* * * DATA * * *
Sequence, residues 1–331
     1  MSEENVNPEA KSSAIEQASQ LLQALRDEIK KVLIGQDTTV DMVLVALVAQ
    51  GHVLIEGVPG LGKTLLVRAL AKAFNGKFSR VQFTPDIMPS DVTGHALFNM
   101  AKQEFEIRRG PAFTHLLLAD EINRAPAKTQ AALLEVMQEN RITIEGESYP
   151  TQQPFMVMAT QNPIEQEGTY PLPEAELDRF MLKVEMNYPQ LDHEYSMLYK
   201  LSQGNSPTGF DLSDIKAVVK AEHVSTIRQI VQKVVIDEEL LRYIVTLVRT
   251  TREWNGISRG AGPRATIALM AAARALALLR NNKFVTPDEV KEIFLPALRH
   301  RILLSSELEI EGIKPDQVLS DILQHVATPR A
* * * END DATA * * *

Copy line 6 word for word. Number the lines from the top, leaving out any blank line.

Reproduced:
   201  LSQGNSPTGF DLSDIKAVVK AEHVSTIRQI VQKVVIDEEL LRYIVTLVRT